Osteoarthritis and Neck Pain: How Are They Linked?

Osteoarthritis and Neck Pain: How Are They Linked?

Osteoarthritis is a degenerative condition that affects the joints of the body, including those in your spine. This condition can cause pain, a loss of mobility, and without treatment can lead to disability.

At The Institute for Comprehensive Spine Care, our spine expert Gbolahan Okubadejo, MD, FAAOS, has extensive experience in treating chronic pain from osteoarthritis in the spine.

Dr. Bo offers both nonsurgical treatments and minimally invasive surgery to address the damage arthritis causes in your neck and back, so you can get back to a physically active life.

Understanding osteoarthritis

Osteoarthritis is a wear-and-tear disease that develops when the protective cartilage in your joints breaks down and wears away. Without this tissue, your joint bones can rub together, creating friction that leads to inflammation and pain.

Cervical osteoarthritis describes the wearing away of the cartilage covering the facet joints in the upper spine (neck). In addition to the friction osteoarthritis can cause, the rubbing together of your bones can also lead to bone spurs – an overgrowth of bone.

Fragments can break off these bone spurs and float in the synovial fluid of the joint, which can increase pain and inflammation in your neck.

Your risk factors for cervical osteoarthritis

Osteoarthritis becomes more common as you age due to the natural breakdown of the cartilage in your joints. You may also be at increased risk for developing cervical osteoarthritis because of:

Injuries

If you injure your neck in a fall or auto accident, you may be more likely to develop cervical osteoarthritis, especially if your cartilage tears.

Weight challenges

If you’re overweight or obese, the excess weight can put unnecessary pressure on your joints, including the facet joints in your neck, making it more likely that you’ll develop osteoarthritis.

Your weight may also play a role in the development of chronic inflammation throughout your body.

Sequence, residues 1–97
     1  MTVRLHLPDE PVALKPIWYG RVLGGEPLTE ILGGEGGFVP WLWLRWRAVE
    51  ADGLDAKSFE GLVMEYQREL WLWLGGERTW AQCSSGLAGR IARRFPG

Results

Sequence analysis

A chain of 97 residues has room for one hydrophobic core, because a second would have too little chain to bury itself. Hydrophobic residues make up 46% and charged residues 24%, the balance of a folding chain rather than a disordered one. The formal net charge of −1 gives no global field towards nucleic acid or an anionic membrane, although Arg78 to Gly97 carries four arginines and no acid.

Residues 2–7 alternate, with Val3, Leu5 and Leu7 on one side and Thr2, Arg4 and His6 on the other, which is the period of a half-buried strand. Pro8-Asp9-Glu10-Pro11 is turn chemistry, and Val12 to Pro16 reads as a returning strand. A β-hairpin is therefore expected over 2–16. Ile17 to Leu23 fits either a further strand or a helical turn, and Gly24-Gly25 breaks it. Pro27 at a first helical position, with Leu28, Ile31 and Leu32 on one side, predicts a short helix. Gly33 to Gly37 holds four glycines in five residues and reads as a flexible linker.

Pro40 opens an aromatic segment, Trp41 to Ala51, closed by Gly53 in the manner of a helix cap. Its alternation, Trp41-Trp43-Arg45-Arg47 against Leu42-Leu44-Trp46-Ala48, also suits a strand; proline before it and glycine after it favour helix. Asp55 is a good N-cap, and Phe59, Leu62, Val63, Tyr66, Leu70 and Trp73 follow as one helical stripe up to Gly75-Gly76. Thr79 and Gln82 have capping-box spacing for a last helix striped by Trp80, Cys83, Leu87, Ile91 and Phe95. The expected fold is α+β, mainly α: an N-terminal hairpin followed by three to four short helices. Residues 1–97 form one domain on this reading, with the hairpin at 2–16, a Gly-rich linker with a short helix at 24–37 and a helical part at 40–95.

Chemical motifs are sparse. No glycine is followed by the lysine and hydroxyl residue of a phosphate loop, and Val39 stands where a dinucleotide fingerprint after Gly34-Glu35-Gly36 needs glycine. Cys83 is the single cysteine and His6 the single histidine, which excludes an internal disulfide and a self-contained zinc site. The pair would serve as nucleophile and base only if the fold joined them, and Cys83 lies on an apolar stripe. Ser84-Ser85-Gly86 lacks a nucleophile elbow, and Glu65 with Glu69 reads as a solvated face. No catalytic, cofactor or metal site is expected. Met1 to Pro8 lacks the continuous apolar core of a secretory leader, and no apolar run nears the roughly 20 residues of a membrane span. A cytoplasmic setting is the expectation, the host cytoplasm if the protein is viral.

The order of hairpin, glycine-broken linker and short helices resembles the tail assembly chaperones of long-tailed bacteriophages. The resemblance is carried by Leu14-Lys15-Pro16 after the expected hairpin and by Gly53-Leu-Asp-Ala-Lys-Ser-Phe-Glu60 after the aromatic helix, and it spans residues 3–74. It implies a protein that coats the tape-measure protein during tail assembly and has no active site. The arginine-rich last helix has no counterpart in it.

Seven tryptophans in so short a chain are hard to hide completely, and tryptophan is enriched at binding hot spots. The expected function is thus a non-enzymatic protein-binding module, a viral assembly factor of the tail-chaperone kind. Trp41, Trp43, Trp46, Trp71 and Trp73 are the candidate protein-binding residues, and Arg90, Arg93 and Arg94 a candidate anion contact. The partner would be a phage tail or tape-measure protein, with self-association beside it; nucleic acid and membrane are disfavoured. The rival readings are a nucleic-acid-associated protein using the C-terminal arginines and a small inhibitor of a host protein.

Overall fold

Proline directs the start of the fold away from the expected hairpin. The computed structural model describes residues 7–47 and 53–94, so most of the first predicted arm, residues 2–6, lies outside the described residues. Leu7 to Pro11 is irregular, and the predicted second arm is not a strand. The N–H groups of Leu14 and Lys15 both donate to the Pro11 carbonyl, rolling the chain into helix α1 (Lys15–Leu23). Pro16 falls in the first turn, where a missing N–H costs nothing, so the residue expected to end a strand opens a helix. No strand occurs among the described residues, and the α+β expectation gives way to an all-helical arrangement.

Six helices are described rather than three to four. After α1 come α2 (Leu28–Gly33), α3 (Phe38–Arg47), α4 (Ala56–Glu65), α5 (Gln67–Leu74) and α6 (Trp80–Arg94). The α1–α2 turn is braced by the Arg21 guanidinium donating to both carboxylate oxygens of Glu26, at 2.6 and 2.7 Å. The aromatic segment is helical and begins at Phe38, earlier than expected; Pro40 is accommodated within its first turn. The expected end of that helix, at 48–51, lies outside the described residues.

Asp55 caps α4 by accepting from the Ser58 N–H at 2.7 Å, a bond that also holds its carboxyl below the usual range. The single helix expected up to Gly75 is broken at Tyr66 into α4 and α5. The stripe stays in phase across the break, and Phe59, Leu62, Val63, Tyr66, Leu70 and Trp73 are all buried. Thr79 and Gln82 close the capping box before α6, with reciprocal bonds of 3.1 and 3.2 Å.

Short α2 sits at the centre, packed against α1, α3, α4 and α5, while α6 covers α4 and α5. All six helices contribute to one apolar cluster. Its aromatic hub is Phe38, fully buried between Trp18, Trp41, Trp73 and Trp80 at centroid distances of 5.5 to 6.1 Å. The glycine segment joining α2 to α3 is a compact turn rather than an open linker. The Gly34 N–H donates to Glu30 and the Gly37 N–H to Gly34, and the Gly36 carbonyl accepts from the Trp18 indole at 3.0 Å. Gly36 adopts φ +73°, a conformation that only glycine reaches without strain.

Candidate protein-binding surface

Genetics

Some people are born with cartilage that breaks down faster than others. If you have family members with cervical osteoarthritis, you may be at increased risk for developing the condition also.

Repetitive movements

If you work in certain jobs or play sports that require repetitive movements of your neck and shoulders, you may be more likely to develop cervical osteoarthritis. The condition is also common among those who frequently lift heavy things.

When to get help for cervical osteoarthritis

While you may be able to manage symptoms of cervical osteoarthritis in early stages with rest and over-the-counter medications, you should schedule a diagnostic evaluation with Dr. Bo if your symptoms are more severe or limit what you can do physically.

Symptoms of cervical osteoarthritis can include:

You may also develop pain that radiates down into your shoulders and arms. In addition to pain, you may experience tingling, weakness, and numbness in your neck, shoulder, arms, and hands.

If osteoarthritis in your neck puts pressure on your spinal cord, it can lead to a condition known as cervical myelopathy. This condition can cause pain, weakness, and tingling anywhere below your neck. In severe cases, you may also lose your coordination, have trouble walking, or have difficulty controlling your bladder and bowels.

Dr. Bo offers comprehensive diagnostic evaluations in-office to confirm cervical osteoarthritis. He also provides customized treatment plans to relieve your symptoms and restore the function of your cervical spine.

To find out which treatment is right for your cervical osteoarthritis, call The Institute for Comprehensive Spine Care office nearest to you today or book a consultation online. 

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